There is also a Collector's Edition available exclusively at the Umbrella Web Shop which includes the above slipcase, a rigid slipbox, a 48 page bound book, 8 replica lobby cards, and an A3 reversible poster, limited to 400 copies.

The book starts with a short synopsis of the film, followed by information on the film's restoration (though both have some issues, noted below). Next there is "The Novel Approach" by an unnamed writer which has information on the original novel. Next is Tom Mes' essay "Three Feet of Piano Wire", which is an excerpt from his 2013 book "Re-Agitator: A Decade of Writing on Takashi Miike" that focuses on "Audition". Then there is "Oh, Miike You're So Fine! The Delirious Cinema of Takashi Miike" by David Michael Brown on the director's varied and lengthy filmography. Next there is a section on the newly created artwork by Sakura Kate for this Umbrella release, with notes by Kate, conceptual artwork and the final designs. Finally there is a section of theatrical poster art.

The double sided poster has on one side the still from the keep case inlay (with names including Takashi Miike's in the uniform western format) and the opposite side having the Japanese poster art. The Japanese poster is slightly blurry.

The poster is housed in the keep case. The keep case with the slipcase, the artcards, and the book are housed in the rigid slipbox. Note the card on the back of the slipbox correctly states there are 5.1 and 2.0 audio available, though it mistakenly states the disc is region B only while it is region free. (The keep case inlay does state region ABC on the back.)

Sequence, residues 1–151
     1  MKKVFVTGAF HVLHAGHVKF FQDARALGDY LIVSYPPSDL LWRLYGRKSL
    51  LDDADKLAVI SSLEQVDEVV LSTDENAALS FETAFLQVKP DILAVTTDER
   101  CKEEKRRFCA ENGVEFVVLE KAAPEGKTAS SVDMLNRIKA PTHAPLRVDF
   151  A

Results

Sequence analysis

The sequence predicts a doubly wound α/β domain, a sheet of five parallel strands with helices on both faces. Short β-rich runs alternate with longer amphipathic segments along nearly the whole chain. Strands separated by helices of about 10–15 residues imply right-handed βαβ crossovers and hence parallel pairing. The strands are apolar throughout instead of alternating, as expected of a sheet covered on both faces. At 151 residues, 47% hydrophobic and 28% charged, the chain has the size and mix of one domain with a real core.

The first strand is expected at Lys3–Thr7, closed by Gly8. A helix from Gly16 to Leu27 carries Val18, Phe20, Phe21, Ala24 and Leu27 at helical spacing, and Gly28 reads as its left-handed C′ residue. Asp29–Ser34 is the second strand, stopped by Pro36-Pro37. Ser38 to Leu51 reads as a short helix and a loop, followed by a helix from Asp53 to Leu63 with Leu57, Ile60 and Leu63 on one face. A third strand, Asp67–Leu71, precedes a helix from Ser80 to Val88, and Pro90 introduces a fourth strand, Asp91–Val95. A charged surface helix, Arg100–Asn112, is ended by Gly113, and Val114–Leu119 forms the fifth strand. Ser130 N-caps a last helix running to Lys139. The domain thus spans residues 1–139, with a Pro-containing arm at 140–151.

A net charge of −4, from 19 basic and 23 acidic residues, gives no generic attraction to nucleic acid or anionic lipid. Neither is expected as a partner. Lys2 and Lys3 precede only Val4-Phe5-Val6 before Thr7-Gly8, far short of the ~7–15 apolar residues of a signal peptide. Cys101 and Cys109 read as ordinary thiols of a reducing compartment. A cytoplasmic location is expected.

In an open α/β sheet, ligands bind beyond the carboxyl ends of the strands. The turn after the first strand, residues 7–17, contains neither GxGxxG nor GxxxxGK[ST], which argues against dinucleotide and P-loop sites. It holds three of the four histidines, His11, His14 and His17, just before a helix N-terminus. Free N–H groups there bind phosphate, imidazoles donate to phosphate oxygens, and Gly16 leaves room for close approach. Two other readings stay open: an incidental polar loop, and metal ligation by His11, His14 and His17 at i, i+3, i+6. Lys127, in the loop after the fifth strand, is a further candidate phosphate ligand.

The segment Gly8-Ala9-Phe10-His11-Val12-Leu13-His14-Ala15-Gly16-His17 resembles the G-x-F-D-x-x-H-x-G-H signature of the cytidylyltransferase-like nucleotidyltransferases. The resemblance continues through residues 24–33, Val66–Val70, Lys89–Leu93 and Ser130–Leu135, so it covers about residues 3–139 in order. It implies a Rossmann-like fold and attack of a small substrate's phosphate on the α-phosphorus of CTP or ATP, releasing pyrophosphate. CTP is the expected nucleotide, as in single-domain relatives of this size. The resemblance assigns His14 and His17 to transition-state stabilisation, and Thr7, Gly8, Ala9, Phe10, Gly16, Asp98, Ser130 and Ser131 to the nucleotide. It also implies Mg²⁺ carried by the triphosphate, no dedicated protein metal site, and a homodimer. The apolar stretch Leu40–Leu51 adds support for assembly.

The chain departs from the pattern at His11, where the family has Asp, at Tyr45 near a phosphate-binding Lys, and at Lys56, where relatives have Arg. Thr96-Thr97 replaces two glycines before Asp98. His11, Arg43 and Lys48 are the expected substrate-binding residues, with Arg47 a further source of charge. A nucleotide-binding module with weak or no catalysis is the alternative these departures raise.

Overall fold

An unboxing of the Collector's Edition has been embedded below, courtesy of Umbrella Entertainment.

There are some errors within the booklet, first in the synopsis. Ryo Ishibashi's name is incorrectly spelled as Isibashi Ryo (again with the name presented in the Japanese form of family name first, given name second), stating that the character of Aoyama setting up the audition process (it was Yoshikawa) and referring to Asami's character as her family name Yamazaki. While technically correct, it would have been a better choice to either state her full name or her first name instead as she is frequently referred to by her first name for most of the film. Next there is a discrepancy with the restoration notes. It states that "Audition has been exclusively restored in 2K resolution" which is slightly misleading as it seems like this is a new restoration by Umbrella. But the rest of the text about the 2K restoration process is a cut-and-paste of the UK Arrow booklet's restoration notes. The only difference is that in the Arrow booklet, it starts with "Audition has been exclusively restored in 2K resolution for this release by Arrow Films." In addition to that, Umbrella's transfer is different from Arrow's 2K restoration. Comparing Umbrella and Arrow's transfer side by side, the framing is completely different with the Arrow being in the theatrical 1.85:1 aspect ratio and showing more information on both sides of the frame, sometimes on the left, sometimes on the right. Take for example the scene of Asami's audition where her back is toward the camera. On Arrow's transfer the camera operator of the audition is seen on the left side of the screen while on the Umbrella transfer he is not in the shot until the camera tracks in. In addition the Arrow transfer has a slightly brighter color timing, better grain structure with less digital artifacts, and properly framed in the theatrical aspect ratio. It is odd that Umbrella printed notes about a 2K restoration they did not utilize for their disc, instead being an older HD master from 15 years ago.


"Audition" is a shocking and controversial work that was a gateway film into J-Horror and Takashi Miike's works, and the disturbing nature of the content continues more than twenty years later. Umbrella Entertainment's Blu-ray release has its pluses and minuses, as the transfer utilized is a dated one and there are a number of mistakes with the packaging itself, though the extras included are of a good selection with a few exclusives.

The Film: A Video: B Audio: A Extras: A- Overall: B+